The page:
The source told the AJ that city planners did not consider the General Market Building - on the west end of the complex - worth saving and were happy to see it replaced by KPF's proposals.
Their major concern, the Corporation mole said, was to ramp-up office space in the capital by approving a redevelopment of the site.
The source added that Corporation bosses also favoured the contentious KPF scheme, which is opposed by Prince Charles, because it would provide an opportunity to strengthen an existing Victorian tunnel running below the site.
However, if the scheme is given the green light by planners, it will almost certainly face a public inquiry as it is so controversial.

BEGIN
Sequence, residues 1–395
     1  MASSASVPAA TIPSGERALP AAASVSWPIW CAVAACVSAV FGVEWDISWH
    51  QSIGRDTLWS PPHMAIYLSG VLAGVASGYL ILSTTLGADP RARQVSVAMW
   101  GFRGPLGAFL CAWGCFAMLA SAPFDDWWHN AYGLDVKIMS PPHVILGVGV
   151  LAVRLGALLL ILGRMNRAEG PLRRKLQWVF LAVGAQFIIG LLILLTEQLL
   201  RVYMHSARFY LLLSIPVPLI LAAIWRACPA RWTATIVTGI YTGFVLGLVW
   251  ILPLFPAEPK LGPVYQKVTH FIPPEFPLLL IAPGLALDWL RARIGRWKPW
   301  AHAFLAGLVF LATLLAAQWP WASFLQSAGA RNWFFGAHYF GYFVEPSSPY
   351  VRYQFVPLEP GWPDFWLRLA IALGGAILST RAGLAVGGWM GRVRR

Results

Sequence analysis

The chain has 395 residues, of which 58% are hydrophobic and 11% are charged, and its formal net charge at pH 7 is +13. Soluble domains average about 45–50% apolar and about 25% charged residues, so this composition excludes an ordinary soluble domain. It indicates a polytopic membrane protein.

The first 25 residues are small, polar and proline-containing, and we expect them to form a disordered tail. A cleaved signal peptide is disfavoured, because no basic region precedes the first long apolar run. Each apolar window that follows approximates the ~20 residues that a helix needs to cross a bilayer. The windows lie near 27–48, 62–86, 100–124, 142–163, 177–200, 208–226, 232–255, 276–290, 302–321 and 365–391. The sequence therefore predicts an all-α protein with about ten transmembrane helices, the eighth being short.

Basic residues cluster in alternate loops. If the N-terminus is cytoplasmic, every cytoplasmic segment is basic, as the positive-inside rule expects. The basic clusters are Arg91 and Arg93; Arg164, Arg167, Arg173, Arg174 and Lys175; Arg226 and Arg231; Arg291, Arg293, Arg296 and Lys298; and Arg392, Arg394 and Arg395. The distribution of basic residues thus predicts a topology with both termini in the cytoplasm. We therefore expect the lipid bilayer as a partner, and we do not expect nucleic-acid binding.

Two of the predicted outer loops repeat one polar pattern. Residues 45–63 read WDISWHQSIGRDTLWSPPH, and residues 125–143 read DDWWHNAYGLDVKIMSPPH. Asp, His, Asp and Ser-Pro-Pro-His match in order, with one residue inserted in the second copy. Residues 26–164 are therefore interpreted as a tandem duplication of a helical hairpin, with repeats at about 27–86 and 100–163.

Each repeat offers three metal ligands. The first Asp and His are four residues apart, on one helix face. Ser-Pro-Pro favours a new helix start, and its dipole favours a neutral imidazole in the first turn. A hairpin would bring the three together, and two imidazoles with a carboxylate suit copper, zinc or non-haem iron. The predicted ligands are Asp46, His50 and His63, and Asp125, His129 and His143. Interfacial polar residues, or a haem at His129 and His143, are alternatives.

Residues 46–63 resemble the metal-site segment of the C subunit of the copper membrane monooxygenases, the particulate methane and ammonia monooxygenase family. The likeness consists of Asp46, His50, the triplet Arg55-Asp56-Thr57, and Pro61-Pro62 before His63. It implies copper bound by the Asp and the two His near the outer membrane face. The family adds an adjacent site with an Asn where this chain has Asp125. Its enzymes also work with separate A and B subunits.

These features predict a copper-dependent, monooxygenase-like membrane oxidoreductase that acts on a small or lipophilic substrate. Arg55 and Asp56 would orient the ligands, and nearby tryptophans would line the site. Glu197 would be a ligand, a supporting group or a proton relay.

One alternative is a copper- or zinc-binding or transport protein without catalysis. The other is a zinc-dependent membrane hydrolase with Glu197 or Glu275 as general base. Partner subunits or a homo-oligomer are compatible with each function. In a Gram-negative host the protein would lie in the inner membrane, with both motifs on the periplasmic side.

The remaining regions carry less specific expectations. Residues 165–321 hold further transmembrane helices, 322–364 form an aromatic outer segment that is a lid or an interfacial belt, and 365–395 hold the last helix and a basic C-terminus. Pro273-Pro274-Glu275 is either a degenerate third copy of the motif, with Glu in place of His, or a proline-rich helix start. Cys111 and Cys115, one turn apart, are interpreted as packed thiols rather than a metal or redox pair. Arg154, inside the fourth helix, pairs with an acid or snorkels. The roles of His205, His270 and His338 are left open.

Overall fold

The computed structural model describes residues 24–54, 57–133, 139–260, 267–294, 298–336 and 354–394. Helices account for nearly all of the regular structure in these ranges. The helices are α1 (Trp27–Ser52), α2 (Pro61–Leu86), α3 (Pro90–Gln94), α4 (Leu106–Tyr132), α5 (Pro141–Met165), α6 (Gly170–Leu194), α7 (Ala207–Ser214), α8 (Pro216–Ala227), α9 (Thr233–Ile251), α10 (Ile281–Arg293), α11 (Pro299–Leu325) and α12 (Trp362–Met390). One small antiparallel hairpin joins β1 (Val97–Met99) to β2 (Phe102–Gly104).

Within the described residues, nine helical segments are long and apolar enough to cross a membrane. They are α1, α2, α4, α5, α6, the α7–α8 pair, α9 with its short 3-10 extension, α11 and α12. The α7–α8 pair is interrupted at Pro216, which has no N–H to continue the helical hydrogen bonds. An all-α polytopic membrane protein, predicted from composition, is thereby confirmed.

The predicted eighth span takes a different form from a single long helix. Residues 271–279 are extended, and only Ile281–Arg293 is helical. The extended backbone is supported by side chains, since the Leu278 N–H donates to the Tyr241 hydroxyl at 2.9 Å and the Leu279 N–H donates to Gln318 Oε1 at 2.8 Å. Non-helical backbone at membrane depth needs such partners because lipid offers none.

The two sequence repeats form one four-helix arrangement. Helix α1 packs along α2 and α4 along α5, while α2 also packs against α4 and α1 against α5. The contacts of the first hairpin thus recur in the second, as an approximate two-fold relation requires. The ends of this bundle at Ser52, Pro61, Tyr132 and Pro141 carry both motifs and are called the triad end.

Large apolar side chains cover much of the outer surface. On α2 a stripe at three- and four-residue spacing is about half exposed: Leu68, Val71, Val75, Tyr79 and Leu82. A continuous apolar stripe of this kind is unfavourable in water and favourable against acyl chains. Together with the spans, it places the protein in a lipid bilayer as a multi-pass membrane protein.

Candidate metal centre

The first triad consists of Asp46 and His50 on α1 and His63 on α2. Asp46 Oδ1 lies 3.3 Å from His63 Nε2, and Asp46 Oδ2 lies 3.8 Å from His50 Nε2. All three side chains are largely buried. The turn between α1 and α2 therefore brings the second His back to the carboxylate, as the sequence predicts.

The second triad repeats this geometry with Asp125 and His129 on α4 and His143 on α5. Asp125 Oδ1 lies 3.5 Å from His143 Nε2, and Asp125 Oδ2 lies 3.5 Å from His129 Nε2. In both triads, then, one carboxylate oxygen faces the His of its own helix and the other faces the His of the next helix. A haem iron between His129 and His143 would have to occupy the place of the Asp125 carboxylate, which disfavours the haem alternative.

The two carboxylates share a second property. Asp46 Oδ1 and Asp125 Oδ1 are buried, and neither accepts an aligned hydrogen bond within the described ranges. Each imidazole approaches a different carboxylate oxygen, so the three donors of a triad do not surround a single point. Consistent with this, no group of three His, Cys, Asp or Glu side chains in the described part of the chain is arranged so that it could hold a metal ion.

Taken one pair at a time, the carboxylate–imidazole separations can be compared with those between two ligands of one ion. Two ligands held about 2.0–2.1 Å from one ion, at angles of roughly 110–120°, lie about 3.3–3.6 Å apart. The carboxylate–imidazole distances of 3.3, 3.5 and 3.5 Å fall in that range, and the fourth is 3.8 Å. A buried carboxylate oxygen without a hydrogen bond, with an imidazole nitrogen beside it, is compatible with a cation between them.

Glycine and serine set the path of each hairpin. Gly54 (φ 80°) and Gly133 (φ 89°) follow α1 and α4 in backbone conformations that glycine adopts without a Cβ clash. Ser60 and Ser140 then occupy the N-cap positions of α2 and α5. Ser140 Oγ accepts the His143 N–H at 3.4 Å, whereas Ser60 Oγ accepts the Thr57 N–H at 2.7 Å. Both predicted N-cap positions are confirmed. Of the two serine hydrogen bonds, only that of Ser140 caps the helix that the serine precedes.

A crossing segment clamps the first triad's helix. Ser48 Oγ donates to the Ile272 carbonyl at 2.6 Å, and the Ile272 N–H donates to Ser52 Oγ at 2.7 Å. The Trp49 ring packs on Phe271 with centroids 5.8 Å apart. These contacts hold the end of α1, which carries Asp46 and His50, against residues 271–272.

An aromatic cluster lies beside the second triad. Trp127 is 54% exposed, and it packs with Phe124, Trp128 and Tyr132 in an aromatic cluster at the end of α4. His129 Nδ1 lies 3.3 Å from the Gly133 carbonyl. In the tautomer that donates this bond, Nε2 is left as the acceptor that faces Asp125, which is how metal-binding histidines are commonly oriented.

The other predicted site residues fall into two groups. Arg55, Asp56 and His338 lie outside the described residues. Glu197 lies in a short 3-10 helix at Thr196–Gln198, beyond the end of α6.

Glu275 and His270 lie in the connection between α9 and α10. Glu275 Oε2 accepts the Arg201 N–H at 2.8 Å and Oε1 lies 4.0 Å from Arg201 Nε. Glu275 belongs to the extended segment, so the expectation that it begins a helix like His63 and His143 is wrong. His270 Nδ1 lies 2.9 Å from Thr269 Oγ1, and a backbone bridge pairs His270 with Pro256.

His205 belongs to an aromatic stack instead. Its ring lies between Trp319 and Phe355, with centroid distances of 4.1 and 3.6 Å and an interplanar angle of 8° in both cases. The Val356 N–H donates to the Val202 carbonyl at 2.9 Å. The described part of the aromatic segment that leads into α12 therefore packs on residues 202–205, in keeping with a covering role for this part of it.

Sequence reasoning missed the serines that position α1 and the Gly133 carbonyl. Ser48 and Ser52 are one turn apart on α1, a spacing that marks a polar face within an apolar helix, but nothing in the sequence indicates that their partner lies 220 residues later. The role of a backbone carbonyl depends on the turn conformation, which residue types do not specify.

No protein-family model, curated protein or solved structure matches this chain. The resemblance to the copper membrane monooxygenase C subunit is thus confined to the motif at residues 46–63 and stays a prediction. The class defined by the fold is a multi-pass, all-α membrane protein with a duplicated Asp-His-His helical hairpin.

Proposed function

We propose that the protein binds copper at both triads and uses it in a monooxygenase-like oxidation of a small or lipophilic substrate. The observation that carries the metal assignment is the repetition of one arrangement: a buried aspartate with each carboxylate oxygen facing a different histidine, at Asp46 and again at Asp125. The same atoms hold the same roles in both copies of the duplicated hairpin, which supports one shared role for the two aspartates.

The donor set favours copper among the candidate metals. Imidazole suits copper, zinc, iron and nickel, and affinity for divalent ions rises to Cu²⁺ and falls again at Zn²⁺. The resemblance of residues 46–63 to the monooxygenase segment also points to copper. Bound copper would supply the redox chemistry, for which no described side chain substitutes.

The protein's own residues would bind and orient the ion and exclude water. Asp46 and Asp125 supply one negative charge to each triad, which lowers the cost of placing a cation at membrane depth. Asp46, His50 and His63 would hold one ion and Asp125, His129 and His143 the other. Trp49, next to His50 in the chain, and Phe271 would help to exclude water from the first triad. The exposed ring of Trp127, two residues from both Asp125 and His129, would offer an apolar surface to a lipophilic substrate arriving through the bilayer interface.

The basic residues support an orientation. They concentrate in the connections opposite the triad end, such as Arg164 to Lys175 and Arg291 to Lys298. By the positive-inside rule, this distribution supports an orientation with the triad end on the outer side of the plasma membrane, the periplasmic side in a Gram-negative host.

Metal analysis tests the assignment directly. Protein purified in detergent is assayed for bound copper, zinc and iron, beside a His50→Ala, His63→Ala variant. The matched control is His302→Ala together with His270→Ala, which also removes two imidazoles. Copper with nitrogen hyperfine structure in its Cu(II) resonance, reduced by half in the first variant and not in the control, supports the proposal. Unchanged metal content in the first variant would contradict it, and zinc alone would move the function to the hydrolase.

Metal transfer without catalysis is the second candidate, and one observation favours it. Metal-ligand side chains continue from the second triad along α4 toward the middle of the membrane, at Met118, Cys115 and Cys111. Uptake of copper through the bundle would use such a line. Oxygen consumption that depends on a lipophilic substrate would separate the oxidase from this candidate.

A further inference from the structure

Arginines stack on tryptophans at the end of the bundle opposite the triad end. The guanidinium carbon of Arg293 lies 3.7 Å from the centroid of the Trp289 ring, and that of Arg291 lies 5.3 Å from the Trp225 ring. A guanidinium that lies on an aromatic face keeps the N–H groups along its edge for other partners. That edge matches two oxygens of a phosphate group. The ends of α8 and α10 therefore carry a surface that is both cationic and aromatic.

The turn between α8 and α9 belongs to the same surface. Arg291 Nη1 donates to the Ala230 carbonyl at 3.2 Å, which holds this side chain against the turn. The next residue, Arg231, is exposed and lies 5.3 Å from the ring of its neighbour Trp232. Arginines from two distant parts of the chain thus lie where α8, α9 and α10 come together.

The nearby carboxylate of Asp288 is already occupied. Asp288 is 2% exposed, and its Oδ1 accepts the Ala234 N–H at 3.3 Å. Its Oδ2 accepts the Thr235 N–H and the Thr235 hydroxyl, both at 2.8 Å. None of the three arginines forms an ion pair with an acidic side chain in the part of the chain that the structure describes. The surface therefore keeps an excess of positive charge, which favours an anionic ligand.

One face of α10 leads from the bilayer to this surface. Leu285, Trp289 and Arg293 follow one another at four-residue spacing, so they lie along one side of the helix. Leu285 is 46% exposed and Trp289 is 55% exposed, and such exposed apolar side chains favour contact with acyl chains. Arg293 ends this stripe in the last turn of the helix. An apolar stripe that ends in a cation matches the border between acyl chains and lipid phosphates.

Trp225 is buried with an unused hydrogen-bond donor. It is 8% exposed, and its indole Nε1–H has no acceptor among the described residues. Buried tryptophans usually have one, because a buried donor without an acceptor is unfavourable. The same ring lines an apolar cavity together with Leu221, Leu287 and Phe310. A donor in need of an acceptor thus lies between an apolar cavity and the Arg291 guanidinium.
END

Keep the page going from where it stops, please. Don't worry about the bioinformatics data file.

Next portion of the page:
The revelation that the scheme will be backed by the City has come as a shock to conservationists campaigning to save the 1883 Horace Jones building.
SAVE Britain's Heritage chief Adam Wilkinson told the AJ he will demand that the decision be called in and will again urge culture secretary Tessa Jowell to prompt deputy prime minister John Prescott to save the building.
Thornfield's planning application excludes the Red House Cold Store, which was listed by the Department for Culture, Media and Sport in March.